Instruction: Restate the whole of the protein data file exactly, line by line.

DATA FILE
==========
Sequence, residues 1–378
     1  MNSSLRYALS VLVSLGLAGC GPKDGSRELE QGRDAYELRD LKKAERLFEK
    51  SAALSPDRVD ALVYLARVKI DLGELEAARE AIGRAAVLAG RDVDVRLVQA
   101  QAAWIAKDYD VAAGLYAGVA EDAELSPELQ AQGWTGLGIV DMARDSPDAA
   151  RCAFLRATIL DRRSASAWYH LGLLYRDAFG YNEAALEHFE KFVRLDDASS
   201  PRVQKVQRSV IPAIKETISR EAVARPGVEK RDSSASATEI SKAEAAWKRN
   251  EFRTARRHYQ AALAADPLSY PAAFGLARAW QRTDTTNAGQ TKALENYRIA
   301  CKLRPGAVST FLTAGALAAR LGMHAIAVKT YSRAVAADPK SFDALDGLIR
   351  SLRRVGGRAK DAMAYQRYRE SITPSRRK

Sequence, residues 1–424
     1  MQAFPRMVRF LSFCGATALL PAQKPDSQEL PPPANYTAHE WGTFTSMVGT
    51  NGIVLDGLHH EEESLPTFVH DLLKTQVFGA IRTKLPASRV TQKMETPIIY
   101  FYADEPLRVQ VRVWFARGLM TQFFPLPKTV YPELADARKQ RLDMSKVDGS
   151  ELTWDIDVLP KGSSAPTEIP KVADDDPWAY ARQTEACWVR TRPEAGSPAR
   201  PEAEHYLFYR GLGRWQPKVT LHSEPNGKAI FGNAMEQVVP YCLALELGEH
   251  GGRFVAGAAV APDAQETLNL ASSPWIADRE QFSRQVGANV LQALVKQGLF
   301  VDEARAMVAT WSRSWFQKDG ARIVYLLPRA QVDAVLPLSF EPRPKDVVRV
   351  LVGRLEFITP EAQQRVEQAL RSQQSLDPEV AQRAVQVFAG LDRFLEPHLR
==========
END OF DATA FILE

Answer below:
Sequence, residues 1–378
     1  MNSSLRYALS VLVSLGLAGC GPKDGSRELE QGRDAYELRD LKKAERLFEK
    51  SAALSPDRVD ALVYLARVKI DLGELEAARE AIGRAAVLAG RDVDVRLVQA
   101  QAAWIAKDYD VAAGLYAGVA EDAELSPELQ AQGWTGLGIV DMARDSPDAA
   151  RCAFLRATIL DRRSASAWYH LGLLYRDAFG YNEAALEHFE KFVRLDDASS
   201  PRVQKVQRSV IPAIKETISR EAVARPGVEK RDSSASATEI SKAEAAWKRN
   251  EFRTARRHYQ AALAADPLSY PAAFGLARAW QRTDTTNAGQ TKALENYRIA
   301  CKLRPGAVST FLTAGALAAR LGMHAIAVKT YSRAVAADPK SFDALDGLIR
   351  SLRRVGGRAK DAMAYQRYRE SITPSRRK

Sequence, residues 1–424
     1  MQAFPRMVRF LSFCGATALL PAQKPDSQEL PPPANYTAHE WGTFTSMVGT
    51  NGIVLDGLHH EEESLPTFVH DLLKTQVFGA IRTKLPASRV TQKMETPIIY
   101  FYADEPLRVQ VRVWFARGLM TQFFPLPKTV YPELADARKQ RLDMSKVDGS
   151  ELTWDIDVLP KGSSAPTEIP KVADDDPWAY ARQTEACWVR TRPEAGSPAR
   201  PEAEHYLFYR GLGRWQPKVT LHSEPNGKAI FGNAMEQVVP YCLALELGEH
   251  GGRFVAGAAV APDAQETLNL ASSPWIADRE QFSRQVGANV LQALVKQGLF
   301  VDEARAMVAT WSRSWFQKDG ARIVYLLPRA QVDAVLPLSF EPRPKDVVRV
   351  LVGRLEFITP EAQQRVEQAL RSQQSLDPEV AQRAVQVFAG LDRFLEPHLR